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Hengkun Wang, Dongsheng Zhang, Shanshan Jia, Shengyun Huang, Lili Xiao, Li Ma, Guangping Liu, Kun Gong, Le Xu
(Department of Oral and Maxillofacial Surgery, Shandong Provincial Hospital Affiliated to Shandong University, Jinan, Shandong, China (mainland))
Med Sci Monit 2018; 24: ANS2218-2224
Previous studies have demonstrated that sustained hypoxia in people with obstructive sleep apnea (OSA) impairs upper airway muscle activity, but the underlying mechanism remains poorly understood. As autophagy acts as an important regulator under hypoxia stress, we performed an in vitro investigation of the effects of sustained hypoxia on autophagy of genioglossus muscle-derived stem cells (GG MDSC), an important component of the upper airway muscle.
MATERIAL AND METHODS: Genioglossus MDSCs were obtained from Sprague-Dawley (SD) rats and identified by using immunoﬂuorescence staining for CD34, Sca-1, and desmin. GG MDSCs were incubated under normoxic or sustained hypoxic conditions for different periods of time. Western blotting was used to detect LC3 and Beclin 1, which are 2 important proteins in autophagy flux, and autophagolysosomes accumulation was observed by transmission electron microscopy (TEM). The mRNA and protein levels of HIF-1α and BNIP3 were evaluated by RT-PCR and Western blot analysis, respectively.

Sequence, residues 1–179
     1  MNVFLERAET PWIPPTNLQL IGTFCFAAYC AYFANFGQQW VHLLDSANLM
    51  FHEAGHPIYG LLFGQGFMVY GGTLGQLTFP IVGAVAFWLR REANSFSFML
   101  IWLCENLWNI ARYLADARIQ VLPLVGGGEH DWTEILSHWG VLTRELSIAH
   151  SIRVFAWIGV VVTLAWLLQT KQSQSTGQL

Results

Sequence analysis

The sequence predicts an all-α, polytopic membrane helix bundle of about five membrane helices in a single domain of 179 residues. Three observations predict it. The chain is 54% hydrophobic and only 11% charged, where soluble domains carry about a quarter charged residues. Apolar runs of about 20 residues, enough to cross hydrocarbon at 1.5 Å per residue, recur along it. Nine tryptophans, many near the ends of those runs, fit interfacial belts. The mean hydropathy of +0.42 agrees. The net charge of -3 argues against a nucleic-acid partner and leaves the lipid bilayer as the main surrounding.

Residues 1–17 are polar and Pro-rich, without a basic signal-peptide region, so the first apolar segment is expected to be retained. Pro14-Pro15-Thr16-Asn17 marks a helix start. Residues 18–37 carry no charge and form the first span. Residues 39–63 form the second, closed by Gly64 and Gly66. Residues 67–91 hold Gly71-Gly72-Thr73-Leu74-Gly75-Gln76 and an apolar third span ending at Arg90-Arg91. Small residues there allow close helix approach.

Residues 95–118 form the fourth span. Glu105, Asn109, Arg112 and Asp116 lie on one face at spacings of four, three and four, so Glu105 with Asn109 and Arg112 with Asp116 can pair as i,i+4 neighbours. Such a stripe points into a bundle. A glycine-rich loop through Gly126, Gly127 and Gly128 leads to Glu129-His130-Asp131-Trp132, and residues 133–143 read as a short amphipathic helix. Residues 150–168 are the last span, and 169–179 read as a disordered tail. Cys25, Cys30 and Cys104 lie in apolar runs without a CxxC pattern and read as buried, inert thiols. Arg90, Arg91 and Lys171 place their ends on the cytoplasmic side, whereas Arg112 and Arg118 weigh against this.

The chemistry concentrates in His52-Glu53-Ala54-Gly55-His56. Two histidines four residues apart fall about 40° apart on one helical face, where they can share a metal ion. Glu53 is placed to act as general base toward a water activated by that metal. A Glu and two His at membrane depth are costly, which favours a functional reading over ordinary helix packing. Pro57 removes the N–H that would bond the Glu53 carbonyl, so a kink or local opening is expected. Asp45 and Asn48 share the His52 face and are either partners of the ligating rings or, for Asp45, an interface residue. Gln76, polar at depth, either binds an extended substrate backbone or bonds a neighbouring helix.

RESULTS: Our study shows that sustained hypoxia promotes the expression of LC3BII and Beclin 1 in GG MDSCs in a time-dependent manner. TEM showed an increased number of autophagolysosomes in GG MDSCs under sustained hypoxia for 12 and 24 h. In addition, hypoxia activated the HIF-1α/BNIP3 signal pathway both at protein levels (shown by Western blot) and at mRNA levels (shown by RT-PCR).
CONCLUSIONS: Our study shows that sustained hypoxia promotes autophagy in GG MDSCs, and the HIF-1a/BNIP3 signal pathway was involved in this process.